I'm not talking about moving wholesale from print to digital but about the unstoppable wave of conversion from print to digital, where the print doesn't work particularly well in its e-book version and needs to be changed and massaged.
Those of us in the e-book-making business have a few terms to describe ourselves and what we do to get content from print to digital. Some call themselves developers, which I guess comes from the web development branch of the family. That's fine, but I'm not a code head; I come at this process from a design and editorial point of view.
Others call it making a conversion, as if they take the print edition, dunk it underwater for a couple of seconds, turn it around, and voilá, it's a new view! Well, to me, that term and implied process leaves out the sensitivity to the content that I think is vital to creating a valuable e-book.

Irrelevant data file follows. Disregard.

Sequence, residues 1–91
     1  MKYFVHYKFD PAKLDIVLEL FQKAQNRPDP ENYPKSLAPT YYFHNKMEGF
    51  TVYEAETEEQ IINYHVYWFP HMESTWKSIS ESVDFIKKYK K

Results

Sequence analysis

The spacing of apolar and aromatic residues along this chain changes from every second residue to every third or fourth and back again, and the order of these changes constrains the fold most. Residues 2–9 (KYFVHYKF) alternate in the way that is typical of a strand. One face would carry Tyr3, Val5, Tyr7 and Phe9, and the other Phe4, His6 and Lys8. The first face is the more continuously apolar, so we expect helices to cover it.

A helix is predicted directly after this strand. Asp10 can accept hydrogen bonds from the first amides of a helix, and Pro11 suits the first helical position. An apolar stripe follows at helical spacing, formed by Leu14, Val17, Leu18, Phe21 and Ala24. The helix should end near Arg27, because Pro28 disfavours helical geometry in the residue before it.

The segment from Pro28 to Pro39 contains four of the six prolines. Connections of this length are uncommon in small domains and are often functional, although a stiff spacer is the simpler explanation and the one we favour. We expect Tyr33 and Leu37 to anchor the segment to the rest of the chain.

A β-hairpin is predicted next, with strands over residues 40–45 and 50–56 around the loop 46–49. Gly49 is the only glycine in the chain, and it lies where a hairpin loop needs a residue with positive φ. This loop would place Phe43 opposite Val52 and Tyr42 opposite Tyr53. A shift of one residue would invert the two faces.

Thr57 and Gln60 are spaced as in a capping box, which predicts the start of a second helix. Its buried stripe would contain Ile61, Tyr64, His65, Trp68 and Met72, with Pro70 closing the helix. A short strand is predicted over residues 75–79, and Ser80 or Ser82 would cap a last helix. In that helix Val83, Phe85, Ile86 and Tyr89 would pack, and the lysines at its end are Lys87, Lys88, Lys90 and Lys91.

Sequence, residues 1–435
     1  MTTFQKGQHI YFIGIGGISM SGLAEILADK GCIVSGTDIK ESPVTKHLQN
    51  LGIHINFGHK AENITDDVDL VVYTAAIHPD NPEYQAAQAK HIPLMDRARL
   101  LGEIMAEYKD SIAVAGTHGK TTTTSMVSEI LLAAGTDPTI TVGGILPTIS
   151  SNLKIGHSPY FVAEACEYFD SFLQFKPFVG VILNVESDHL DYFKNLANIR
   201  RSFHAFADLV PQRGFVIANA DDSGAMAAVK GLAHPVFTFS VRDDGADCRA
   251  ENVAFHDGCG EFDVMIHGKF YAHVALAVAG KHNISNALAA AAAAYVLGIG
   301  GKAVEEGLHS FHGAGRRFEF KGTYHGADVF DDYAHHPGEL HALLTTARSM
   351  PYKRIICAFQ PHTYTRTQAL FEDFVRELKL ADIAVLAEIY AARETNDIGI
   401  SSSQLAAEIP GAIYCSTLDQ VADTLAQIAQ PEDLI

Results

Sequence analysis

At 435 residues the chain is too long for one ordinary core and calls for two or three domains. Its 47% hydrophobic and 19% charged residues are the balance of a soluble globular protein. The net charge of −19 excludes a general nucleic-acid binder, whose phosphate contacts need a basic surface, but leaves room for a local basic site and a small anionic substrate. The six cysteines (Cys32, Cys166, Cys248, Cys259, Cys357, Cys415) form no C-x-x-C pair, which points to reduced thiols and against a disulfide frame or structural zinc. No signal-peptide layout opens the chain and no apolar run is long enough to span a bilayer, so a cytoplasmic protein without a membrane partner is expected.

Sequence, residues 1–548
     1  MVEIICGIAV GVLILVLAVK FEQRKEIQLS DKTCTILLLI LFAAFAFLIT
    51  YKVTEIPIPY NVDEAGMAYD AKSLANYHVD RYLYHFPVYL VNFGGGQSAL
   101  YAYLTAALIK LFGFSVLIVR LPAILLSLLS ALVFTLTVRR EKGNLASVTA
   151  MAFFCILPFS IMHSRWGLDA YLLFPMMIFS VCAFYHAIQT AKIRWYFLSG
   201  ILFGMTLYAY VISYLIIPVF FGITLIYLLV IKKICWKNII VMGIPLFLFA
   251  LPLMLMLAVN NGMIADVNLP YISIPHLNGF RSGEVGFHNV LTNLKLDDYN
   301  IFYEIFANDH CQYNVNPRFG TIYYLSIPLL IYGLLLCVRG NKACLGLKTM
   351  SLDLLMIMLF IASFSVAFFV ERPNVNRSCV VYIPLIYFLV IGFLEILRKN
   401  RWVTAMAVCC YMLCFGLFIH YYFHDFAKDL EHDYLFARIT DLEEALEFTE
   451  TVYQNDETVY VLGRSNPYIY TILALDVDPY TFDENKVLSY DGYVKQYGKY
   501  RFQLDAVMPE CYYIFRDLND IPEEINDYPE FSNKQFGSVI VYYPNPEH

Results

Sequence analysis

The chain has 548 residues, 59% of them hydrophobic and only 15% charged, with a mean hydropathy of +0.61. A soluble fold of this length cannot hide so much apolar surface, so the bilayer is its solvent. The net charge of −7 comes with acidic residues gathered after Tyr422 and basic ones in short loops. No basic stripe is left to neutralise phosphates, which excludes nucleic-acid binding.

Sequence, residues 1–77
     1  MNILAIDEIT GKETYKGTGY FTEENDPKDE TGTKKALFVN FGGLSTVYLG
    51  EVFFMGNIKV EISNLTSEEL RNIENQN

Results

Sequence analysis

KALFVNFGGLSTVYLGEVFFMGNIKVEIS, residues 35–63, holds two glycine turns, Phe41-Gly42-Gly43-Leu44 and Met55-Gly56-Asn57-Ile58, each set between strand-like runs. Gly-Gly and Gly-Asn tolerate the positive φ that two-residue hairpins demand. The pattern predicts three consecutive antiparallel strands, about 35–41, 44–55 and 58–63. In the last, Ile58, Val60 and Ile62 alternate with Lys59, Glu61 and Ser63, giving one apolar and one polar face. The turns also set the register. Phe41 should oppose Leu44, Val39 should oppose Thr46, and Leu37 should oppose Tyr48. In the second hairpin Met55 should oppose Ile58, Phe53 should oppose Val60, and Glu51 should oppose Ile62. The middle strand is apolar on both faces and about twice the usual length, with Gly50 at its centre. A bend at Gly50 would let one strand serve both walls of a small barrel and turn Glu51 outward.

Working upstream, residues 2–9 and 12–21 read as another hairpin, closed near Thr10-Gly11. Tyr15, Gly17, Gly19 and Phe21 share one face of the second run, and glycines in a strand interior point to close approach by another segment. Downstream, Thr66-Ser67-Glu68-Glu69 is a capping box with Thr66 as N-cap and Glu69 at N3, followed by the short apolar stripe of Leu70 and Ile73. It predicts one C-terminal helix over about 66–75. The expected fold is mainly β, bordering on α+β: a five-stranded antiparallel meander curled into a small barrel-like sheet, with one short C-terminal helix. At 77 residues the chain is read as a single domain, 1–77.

Then, of course, there's the meatgrinder. The less said about that the better.
So, I've adopted adaptation. I adapt books from their print incarnation into a digital edition that will serve the content, use the device as its meant to be used, and leave the reader unaware that there might be a difference between the p- and e-versions.
That involves approaching an adaptation the same way I approach a fresh design. I read the book, think about its layers and components. I also look at what the print designer has created and use as much of that design as makes sense in an e-book. Colors, hierarchies, position of heads on the page are all taken into account.
Adapt or perish might be a bit strong; plenty of e-books will do just fine in a conversion. But take the extra minute to really think about the book, the device, and how they can work together. Adapt one to the other, and you'll get a great product.